Jo-Ann Miller

Colourful Queensland Labor Left stalwart and MP Jo-Ann Miller is in the headlines again.

As Crikey has reported, Miller’s Queensland Left faction is set to defeat her preselection bid to run again for Queensland Labor in her Ipswich seat of Bundamba, which she has held easily since 2000. Though there were big losses for them in the 2012 LNP clean sweep, Ipswich has returned to its roots and is considered Queensland Labor heartland.

Some senior figures are obviously anxious about losing the seat to One Nation in the vein of the 1998 state election, when Pauline Hanson’s far-right renegades picked up 11 seats across the state. Miller barely hung on in Bundamba as the public flirted with the LNP from 2012 to 2015, after almost 20 years of uninterrupted Queensland Labor government under premiers Peter Beattie and Anna Bligh.

A very popular local MP, she has more recently struggled to maintain the critical support of the most powerful Left-aligned trade unions recently after numerous scandals and a bitter battle with Deputy Premier Jackie Trad for control of the Queensland Left. Trad, the former Queensland Labor Assistant Secretary, who is backed strongly by the Australian Manufacturing Workers’ Union decisively won that battle years ago, and Miller has struggled to come to terms with that.

[Not-so-civil unions: CFMEU likely to turn on Queensland MP]

Miller is seen as a strong trade unionist but appears to only have the support of the Mining division of the CFMEU. It’s been reported that Miller suffered several controversies as police minister under the Palaszczuk government. Most notably she was slammed by the powerful Parliamentary Crime and Corruption Committee (PCCC) — controlled by her own party — after numerous confidential PCCC documents from her time on that committee were left in a safe she had handed over to an LNP member to use. She has never recovered her reputation inside her party and the Parliament.

Queensland Labor members and MPs were stunned when more recently she mauled and seemingly mocked Palaszczuk government cabinet ministers during budget estimates. That was the final shoe to drop for many. Since then, it’s been almost guaranteed she will not be preselected again, and it is unclear if she will run again as an independent.

My sense is she will struggle to bring herself to resign from Queensland Labor despite her troubles and what she may perceive as unfair treatment. I don’t think she has any desire to be a wrecker and distraction in a new Parliament, but time will tell. I think she realises her power in a new Parliament wouldn’t be significant outside her old party. She’s stubborn and proud, but she also understands realpolitik.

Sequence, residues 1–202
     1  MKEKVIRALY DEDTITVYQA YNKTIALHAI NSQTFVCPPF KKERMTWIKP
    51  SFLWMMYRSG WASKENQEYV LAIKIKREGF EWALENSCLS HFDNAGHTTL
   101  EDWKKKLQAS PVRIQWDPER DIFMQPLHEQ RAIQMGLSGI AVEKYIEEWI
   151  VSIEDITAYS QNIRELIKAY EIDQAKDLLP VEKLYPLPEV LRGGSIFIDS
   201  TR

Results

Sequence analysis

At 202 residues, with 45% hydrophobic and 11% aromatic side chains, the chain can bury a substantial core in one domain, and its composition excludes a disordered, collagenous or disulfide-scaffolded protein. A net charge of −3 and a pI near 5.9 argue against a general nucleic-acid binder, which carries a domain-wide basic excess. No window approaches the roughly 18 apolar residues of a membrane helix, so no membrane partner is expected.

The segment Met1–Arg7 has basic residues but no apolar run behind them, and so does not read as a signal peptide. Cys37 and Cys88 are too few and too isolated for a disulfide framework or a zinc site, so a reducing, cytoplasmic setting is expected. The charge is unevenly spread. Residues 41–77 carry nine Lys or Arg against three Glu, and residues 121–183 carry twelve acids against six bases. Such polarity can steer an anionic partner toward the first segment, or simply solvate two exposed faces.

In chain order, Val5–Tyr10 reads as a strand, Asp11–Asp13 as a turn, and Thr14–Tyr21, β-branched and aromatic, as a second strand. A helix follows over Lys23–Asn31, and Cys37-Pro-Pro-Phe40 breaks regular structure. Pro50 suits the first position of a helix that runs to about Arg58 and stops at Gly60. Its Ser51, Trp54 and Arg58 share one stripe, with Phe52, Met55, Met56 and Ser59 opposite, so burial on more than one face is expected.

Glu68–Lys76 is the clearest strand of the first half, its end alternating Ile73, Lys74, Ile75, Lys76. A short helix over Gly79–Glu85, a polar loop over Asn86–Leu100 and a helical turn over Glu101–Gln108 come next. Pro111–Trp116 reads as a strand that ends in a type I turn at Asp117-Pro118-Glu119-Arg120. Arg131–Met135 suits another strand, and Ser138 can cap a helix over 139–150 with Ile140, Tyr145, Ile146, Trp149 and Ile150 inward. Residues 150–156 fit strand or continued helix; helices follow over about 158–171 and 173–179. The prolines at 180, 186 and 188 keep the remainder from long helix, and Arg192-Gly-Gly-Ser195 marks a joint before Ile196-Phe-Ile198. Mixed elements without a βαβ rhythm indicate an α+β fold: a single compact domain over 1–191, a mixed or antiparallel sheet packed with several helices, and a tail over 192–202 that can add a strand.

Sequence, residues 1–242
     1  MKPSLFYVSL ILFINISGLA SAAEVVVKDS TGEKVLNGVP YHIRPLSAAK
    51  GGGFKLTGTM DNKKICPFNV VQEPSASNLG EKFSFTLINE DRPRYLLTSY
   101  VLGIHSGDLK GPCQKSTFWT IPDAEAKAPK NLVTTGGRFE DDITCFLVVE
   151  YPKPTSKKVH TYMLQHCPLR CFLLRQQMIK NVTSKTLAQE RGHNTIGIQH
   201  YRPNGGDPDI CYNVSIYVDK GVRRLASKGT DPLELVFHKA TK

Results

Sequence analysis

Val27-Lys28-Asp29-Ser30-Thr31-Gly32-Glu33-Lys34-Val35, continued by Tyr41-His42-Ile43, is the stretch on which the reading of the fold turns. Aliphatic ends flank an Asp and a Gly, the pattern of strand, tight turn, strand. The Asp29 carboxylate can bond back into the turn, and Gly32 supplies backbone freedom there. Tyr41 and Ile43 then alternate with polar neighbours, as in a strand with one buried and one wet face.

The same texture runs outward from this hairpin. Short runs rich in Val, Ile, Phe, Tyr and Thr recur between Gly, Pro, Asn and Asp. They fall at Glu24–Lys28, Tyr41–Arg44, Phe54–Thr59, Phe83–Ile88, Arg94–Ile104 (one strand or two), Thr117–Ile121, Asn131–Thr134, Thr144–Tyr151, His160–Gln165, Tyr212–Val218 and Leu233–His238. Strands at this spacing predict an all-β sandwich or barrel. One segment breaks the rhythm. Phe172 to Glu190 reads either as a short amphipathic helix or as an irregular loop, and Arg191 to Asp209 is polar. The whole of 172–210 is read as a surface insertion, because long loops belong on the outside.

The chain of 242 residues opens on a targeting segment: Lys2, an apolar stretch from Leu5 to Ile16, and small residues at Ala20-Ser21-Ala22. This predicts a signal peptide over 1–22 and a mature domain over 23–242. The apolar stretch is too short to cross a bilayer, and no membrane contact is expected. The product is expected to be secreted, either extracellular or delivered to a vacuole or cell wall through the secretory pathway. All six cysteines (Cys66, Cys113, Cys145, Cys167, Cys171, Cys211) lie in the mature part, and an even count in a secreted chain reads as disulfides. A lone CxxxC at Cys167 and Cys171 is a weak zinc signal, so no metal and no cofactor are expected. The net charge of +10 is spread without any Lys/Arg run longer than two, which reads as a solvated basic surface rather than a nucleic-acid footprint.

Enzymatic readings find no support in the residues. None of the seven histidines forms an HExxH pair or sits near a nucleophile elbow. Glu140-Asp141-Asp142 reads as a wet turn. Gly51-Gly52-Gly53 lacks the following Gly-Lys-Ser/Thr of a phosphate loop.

Despite the threat of One Nation, I don’t see the party reaching its highs of 1998, and it will most likely take seats from the LNP rather than Queensland Labor. Having said that, the next parliament is more than likely to be one where Queensland Labor needs seats like Bundamba if One Nation threatens to be a small crossbench forming minority government with the LNP.

It all depends on the Palaszczuk government’s agenda, achievements and campaign strategy, which, in the wake of the One Nation mess in the federal Senate, senior party hardheads are devising.

[The Greens drive regular Aussies into the arms of Pauline Hanson]

Meanwhile, the creation of a new Queensland Labor branch in Bundamba has tongues wagging overtime. Following the meeting of the new local branch and its submission to Queensland Labor’s Administrative Committee for consideration of its endorsement, anxious forces loyal to Jo-Ann Miller have been causing mischief. They have incorrectly leaked to the Murdoch press that the new branch is an attempt to build numbers to defeat Miller in her Queensland Left preselection.

Given the Queensland Left numbers within Bundamba, it has been put to me that local numbers don’t matter and the Left executive has the numbers to overpower the local vote regardless. It has not been put to me how strong her support is among the Ipswich Left rank and file.

Several party sources have said that staff from Jo-Ann Miller’s office are responsible for leaks to the media about the new branch being formed. These unfortunate staffer interventions have ramped up what was already a tinderbox locally, and things are set to explode unless something is done to calm the situation.

Tensions are very high in the Ipswich Left.

Miller and those loyal to her are feeling increasingly isolated and are lashing out. The problem is that with a minority Queensland Labor government they is also lashing their government.

The Palaszczuk government needs Miller’s vote.

It is hoped cool heads prevail and the Palaszczuk government is left to govern undistracted by false and damaging rumours and ill-considered leaks.

Peter Fray

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Peter Fray
Editor-in-chief of Crikey

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